Your Affectionate Hub
W. H. Drake

Seige Guns are still incessant
The Russians have 4000 killed in Sevastopol – but plenty left to fight

Your affectionate husband
W. H. D.
1. Private family manuscript (Judith Hall and Sally Mac, Auckland, New Zealand).
2. I’m not sure which of these apply here. – The City of Melbourne, screw steamer, “went ashore during the easterly gale on the afternoon of the 7th instant”. [The Argus (Melbourne, Vic.), Thursday 16 September 1852, p. 8.] – I. Nicholson, Log of logs: Vol. 2, (Nambour, 1993), p. 332: “Melbourne 1852-1853, iron SS, 1450t, of Aust. Royal Mail Steam Nav. Co, (b. 1849, as screw frigate Greenock, but was condemned, & sold to Aust.RM Co). First mail steamer to Aust: Lon, 28.9.1852 – Plymouth, for repairs, sailed, 31.10, but fouled 2 hulks & delayed 2 more days. Put into Lisbon with storm damage, & left again 21.11 – Cape Town – Melb. – Sydney, 4.2.53. Had propeller and engine problems on return trip, finally breaking down off Fayal, 23.6, when reverted to sail only; + Precis of voyage in, *North Star to Southern Cross, JM Maber, 1967. + Papers of Adm. Sir A. Phillimore, who as Cdr. sailed as Admty Agent inc Diary, 20.11.52-24.7.54; + SS Melbourne remark book, October 1852-July 1853; Out letterbook, 1848-53, + Memoir of service in SS, 1853, * NMM Greenwich, PHL/4/19; +/4/26; /4/29, +/4/49; +AJCP? idc? Note: Steamer sold by Aust. RM Co. 1854, & was converted to sailing ship clipper, 196t, of R&H Green, Captain HARRISON: Lon/Gravesend, 2.6 – Melbourne, 18.8.80: + Journal extracts, in a 3-part letter, by Rev. W.A. Purey-Cust, *copy, Wellingston Maritime Museum, 2597/91 ditto. + Diary of voyage, Eng-Melb, 1881, *ML, Sydney, MSS 4492 ...”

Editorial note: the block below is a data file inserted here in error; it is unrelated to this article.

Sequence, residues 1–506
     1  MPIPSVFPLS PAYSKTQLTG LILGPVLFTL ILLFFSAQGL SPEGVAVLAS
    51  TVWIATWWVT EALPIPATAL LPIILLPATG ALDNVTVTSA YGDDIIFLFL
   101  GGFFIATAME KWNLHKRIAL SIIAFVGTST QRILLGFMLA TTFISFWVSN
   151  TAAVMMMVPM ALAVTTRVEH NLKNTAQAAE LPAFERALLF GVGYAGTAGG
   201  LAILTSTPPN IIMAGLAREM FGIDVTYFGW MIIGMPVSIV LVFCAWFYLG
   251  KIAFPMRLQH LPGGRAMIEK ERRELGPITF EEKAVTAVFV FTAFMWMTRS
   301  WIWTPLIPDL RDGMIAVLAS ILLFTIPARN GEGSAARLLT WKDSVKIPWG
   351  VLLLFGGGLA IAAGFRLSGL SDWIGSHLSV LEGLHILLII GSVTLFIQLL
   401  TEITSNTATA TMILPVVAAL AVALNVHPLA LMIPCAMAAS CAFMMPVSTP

3. 93rd Argyle and Sutherland Highlanders Regiment of Foot.
4. Sir George de Lacy Evans, commander of the 2nd Division.
5. In 1860 Ullick Canning, Lord Dunkellin was serving with the Coldstream Regiment of Foot Guards.
6. St. Petersburg, Russia.
7. Rear-Admiral Sir Edmund Lyons, second in command to Vice-Admiral Sir James Dundas.
8. ACG Frederick Stanley Carpenter.
9. Grand Duke Constantine (1827-1892), the second son of Tsar Nicholas I. In a later letter, William Henry Drake (Balaklava) №21 – Louisa Drake (London) (13 November 1854), Henry says that Constantine was at Sevastopol.

Drake Letters Index 26. Drake to Louisa 22 October 1854 ◄ ● ► 28. Drake to Louisa 2 November 1854